An audible sigh escapes his mouth when I ask Sakamoto (who has made Malaysia home for many years) just why the number of participating teams is so lean. It’s a challenge he’s been plagued with for years - of raising awareness for the game of baseball in the country and getting everyone together so that the game can flourish.
“I guess we didn’t really do much advertising about the league to begin with,” he replies, a tone of resignation in his voice.
“We did invite Universiti Putra Malaysia (UPM) but their response was long in coming and we couldn’t wait. Of course, if we had more teams participating, it’d be better.”
It doesn’t help that there aren’t many active baseball teams in the Klang Valley for him to pool from either.
Despite the challenges, the League went ahead because as the coach puts it, the main thing is that continuous opportunity is provided, especially for local players, to play the game, competitively or otherwise.
Brows furrowing, he adds: “No matter how hard we train, if there’s no game, it’ll be harder to sustain players’ interest. Something like this is a useful contribution towards the baseball agenda as a whole.”
Lack of game opportunities for players serious about the game has always been a monumental headache, confides Sakamoto. There’s the tendency to flit over to softball, a variant of baseball but played with a larger ball and on a smaller field. The former is more widely played here compared to baseball and is a staple in some schools around the country.
“Most of the local teams are softball teams and whenever they have softball tournaments, that becomes their priority.”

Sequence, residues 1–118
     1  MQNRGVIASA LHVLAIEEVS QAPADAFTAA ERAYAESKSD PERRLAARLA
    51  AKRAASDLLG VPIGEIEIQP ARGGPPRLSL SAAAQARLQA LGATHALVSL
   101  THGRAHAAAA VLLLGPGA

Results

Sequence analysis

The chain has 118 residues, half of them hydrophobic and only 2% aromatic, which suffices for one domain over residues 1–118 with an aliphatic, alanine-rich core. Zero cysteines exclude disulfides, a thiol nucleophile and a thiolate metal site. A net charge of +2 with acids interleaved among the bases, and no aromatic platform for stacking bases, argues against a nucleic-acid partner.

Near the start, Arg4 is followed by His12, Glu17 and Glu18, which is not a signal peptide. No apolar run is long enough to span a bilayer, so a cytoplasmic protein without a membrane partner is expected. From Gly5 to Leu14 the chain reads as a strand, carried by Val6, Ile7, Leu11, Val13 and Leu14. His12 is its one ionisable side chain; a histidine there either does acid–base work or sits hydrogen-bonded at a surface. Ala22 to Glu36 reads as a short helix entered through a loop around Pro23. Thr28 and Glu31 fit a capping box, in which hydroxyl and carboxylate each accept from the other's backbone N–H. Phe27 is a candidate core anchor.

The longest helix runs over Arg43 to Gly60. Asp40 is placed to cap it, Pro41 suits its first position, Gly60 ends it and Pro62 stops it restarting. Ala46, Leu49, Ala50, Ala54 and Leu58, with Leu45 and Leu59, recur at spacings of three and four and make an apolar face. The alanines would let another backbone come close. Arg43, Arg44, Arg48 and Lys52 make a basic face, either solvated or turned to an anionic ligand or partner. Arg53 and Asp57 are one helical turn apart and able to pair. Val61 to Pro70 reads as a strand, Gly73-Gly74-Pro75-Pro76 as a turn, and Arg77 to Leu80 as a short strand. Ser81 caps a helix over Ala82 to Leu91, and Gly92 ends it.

Players will play baseball when they get the opportunity. But when there’s not enough, they jump to softball.
“Perhaps if there were more games, they’d stick to one game,” says Sakamoto, poking a small stick he’s holding in his hand into the ground frustratedly.
“Hopefully, in the future, we’ll be able to have genuine baseball players in the team and not just makeshift players who’ve jumped over from softball. If we can groom serious players, then we’ll be able to have a better chance at putting together a strong national team so that we can play in more international tournaments.”
He’s keen for the awareness to be raised on the existence of this League so that when — and if — it goes into it’s third year, there’ll be more local teams involved. “It’d be great if we could create league tiers like you get in football, for example. But for that to happen, we need more teams.”
IMPORTANCE OF FOLLOW-THROUGHS